At the age of three years old – I suffered the worst trauma that any child could sustain – the loss of a parent. My mother died as a result of complications from childbirth. The trauma I sustained as a three-year-old has shaped my entire life. While it has been a very hard road in many instances – it has also been a road of discovery as I realized at a very young age to enjoy every minute of your life because all too often it can be taken from you in an instant.
A lot of people can’t relate to understanding other people’s difficulties. I did not readily share my personal story of loss. It was definitely not something that was encouraged. When I was a child, the thinking was that it was better to protect a child from thoughts of grief – so – the person who died was never mentioned. It was a very different time. But we know now how important it is to allow children to grieve, to share, to talk and that’s why Camp Erin changes children’s lives.
The Camp runs for one weekend a year and is open to any child age 6 – 17 who has suffered the loss of a loved one. Camp Erin is offered free to all participants and is led by grief professionals and trained volunteers. The camp provides a unique opportunity for peer bonding between children and teens facing a similar life circumstance. As we head into our third summer of Camp Erin, we see that the experience changes the lives of these children. It impacts not only the child but their family and once a child is dealing with their grief in a healthier way, it impacts their school and whole community. The experience is magical and I am so proud of how impactful this initiative has become in only 3 short years. We welcomed 26 children in our first year of operation, 44 children in the summer of 2018 and this summer we already have 60 children registered and it’s still growing. In addition to the weekend, Camp Erin also runs year-round support groups for both children and their families dealing with bereavement.
It was only when I finally decided to move forward with my dream of starting a not-for-profit focused on helping children that had suffered the same trauma as I had that I felt that passion, that drive, that strength, that leadership capability. I was emboldened. The passion drove all of the skills that I had learnt throughout the years. I was a better leader and as a result, a more successful fundraiser, and a better organizer. It impacted everything that I did.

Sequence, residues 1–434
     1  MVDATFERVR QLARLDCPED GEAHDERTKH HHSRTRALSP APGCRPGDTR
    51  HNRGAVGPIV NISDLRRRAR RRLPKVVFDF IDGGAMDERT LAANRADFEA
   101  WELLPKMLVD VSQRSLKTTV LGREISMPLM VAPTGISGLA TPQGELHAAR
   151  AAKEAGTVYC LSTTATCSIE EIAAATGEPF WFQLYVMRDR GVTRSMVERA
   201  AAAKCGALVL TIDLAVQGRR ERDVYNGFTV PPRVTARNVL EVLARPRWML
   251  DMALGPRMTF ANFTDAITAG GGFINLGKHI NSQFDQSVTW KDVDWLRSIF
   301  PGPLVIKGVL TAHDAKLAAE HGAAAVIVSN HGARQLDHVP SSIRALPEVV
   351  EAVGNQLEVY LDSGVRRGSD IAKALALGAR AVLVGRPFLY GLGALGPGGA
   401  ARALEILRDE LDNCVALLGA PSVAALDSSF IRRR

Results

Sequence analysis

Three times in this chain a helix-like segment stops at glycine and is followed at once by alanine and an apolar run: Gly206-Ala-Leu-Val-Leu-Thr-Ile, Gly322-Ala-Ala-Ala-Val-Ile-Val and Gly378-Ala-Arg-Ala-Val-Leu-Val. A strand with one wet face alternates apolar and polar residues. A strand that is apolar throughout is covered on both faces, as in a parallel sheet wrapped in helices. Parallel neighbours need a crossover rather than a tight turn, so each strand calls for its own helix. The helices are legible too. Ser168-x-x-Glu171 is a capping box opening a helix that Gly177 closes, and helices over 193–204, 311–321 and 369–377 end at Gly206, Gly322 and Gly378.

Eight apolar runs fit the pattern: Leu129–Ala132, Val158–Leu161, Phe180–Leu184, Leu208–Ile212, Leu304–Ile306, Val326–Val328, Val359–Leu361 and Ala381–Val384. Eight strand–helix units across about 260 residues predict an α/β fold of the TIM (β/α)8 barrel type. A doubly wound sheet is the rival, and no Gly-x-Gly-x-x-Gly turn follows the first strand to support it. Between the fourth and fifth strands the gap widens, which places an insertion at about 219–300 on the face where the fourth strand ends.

So, what’s the lesson here?
Let your passion drive you. Don’t be afraid to start something new and most importantly – don’t ever think that any of your experiences are a waste of time, somehow – they all come into play when you find that real passion. The guidance you accepted at an earlier stage in your career, the lessons you learnt from all the good and bad leaders, the mentorship that you accepted – everything can play a role. And most importantly, if you have that passion – it will spark your leadership to record heights of achievement.
About Jon Reider
Jon Reider has worked in Capital Markets for over 25 years as an Investment Analyst and Research Director for some of the top Investment Firms in Canada before shifting his focus to the field of Investor Relations. Following a three-year stint with Aimia as Vice President Strategic Messaging and Financial Analysis, he became an independent consultant working with senior management teams to build out a roadmap for effective messaging to their stakeholders.
Jon is passionate about ensuring that companies and their senior management teams are putting their best message out to the investment community. Nothing pleases him more than to see a company not only thriving but being recognized as a leader in every aspect of their operations. For Jon, nothing beats having a company’s management team being recognized as a leader in their field. Nothing pleases him more than to work with a company’s leadership team that is known for its respect for its employees and customers. He has always been a huge fan of erring on the side of “nice’. He has never accepted the saying that “nice guys finish last”.
Learn more about Jon Reider